Brian Dey February 06, 2013 at 01:10 PM
I'm not sure on the dates, but between the time she retired and nthe time she was selected as Interem Supt., she remained on as a special administrator to fix the Special Educaton department and bring them current wit state and federal law. She did an excellent job with that I might add. I'm not sure if during that time frame she was collecting a pension and a salary, but I'm pretty sure that in her current role, she is not cllecting both.
Brian Dey February 06, 2013 at 01:12 PM
Ed Holladay- As long as they meet the years of service and are age 55 or older, they do not adjust your pension based on how old you were. Generally, the 3 best salary years determines how much your pension compensation is.
Ed Holladay February 06, 2013 at 02:41 PM
Thanks, Brian
Ed Holladay February 06, 2013 at 02:54 PM
I am not really even outraged at Van, and I am not part of the extreme left. I was just curious if the talk radio crowd ripping Laing (for alleged double dipping), was also outraged at Van (one of their heroes). We have a lot more waste to be concerned with than "double dipping." We have all kinds of shenanigans going on far worse. We have massive sweetheart deals (from local to federal level), corporate welfare, entitlement fraud, agencies (like the pentagon and state dept. etc...) losing track of billions.... Lehman, Laing and Wangaard are old people (Van is maybe a bit younger) who worked for many years contributing to society . In the grand scheme of thing, their double dipping is small potatoes. That is my take anyway.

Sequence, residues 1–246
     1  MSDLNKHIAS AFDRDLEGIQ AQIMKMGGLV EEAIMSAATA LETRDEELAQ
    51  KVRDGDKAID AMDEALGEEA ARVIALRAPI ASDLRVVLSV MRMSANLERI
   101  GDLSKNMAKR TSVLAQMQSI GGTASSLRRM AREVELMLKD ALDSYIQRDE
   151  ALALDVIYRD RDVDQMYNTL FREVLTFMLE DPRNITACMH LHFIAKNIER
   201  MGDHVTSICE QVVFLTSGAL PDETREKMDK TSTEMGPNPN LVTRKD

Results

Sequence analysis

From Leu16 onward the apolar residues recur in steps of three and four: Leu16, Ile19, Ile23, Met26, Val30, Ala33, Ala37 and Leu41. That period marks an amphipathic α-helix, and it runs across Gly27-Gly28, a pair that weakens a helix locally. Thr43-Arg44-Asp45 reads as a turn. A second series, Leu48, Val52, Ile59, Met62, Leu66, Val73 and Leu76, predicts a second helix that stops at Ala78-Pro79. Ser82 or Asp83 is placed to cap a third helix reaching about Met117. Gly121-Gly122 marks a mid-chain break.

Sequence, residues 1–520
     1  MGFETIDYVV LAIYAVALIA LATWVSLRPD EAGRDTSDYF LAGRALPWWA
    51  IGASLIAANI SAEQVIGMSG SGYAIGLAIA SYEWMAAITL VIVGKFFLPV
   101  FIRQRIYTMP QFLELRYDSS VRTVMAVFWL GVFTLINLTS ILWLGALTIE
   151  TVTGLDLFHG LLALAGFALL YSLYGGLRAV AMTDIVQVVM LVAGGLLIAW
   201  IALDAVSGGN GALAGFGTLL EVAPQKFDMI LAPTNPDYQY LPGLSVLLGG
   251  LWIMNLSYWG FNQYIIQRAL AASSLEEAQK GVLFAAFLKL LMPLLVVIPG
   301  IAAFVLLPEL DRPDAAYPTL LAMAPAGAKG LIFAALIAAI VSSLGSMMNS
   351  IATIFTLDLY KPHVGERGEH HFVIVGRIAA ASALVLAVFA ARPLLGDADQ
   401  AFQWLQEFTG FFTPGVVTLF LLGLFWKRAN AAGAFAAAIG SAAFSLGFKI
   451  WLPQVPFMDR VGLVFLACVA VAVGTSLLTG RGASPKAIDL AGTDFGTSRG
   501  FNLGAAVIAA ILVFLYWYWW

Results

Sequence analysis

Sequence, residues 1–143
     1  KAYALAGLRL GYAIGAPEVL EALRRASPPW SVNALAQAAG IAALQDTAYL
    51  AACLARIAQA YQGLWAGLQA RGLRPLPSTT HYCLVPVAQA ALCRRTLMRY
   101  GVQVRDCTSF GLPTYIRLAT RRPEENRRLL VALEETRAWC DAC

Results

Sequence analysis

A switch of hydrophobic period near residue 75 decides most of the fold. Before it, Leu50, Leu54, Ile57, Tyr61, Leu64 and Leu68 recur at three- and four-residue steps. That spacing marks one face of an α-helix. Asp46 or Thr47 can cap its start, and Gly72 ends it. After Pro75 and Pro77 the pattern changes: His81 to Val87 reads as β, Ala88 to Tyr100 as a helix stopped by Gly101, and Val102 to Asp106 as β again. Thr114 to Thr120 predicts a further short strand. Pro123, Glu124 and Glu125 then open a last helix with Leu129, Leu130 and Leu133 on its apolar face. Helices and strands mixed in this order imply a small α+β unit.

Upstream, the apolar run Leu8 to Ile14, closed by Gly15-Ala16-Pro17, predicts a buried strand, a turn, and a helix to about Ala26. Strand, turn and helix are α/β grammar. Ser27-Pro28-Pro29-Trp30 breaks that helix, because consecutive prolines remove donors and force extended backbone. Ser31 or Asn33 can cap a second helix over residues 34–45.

Ed Holladay February 06, 2013 at 03:01 PM
The next super will make more. It is getting outrageous. We pay the teachers less, or freeze their pay. At the same time the pay for district supers is seemingly moving right along. odd. I still think our elected officials should not get a pass on this. They can pay for their campaigns like everyone else, and forgo double dipping.
Sandy February 06, 2013 at 03:13 PM
Subs are not getting the education when subbing they used to get. My high school students have told me what happens in classes with subs...not much. That needs to change to benefit both the sub and the district. If someone has retired and decides to sub then there does need to be rules in place different than a sub who has not retired. I would suggest hiring them as a temp with no benefits. However, a bigger question would be does this fall under the AHCA and their hours would have to be monitored so as not to exceed 20/week otherwise RUSD would be fined for not providing healthcare. Those are big fines I would not want to pay. As for Laing...I lost any interest in keeping her anywhere in our system when she refused to match up teachers' teaching styles with student learning styles. I know kids that went from failing in a class to getting A's just by switching to a teacher that matched how they learn. I personally don't think Laing is worth having in our district.
Brian Dey February 06, 2013 at 04:55 PM
My point Joe. You are brought back as a new hire.
Ed Holladay February 06, 2013 at 04:56 PM
hurry Johnny, get in the bunker... the gov'ment is coming!!
c February 06, 2013 at 06:24 PM
@Joe, Drive First off, yes I believe what I wrote, why would I have written it otherwise? It what I said is all factual, look it up yourself. Or, stay ignorant, which is what I assume you'll do. Secondly, I don't want to be a teacher, I have a little more self respect than to become some lazy mindless union sheep. Those who can, do. Those who can't, teach.
c February 06, 2013 at 06:26 PM
@Heather Why don't you be a REAL reporter and look at the abuse going on? Teachers setting up sweetheart deals, illegally ahead of time, to retire, then get rehired right away at full pay plus pension.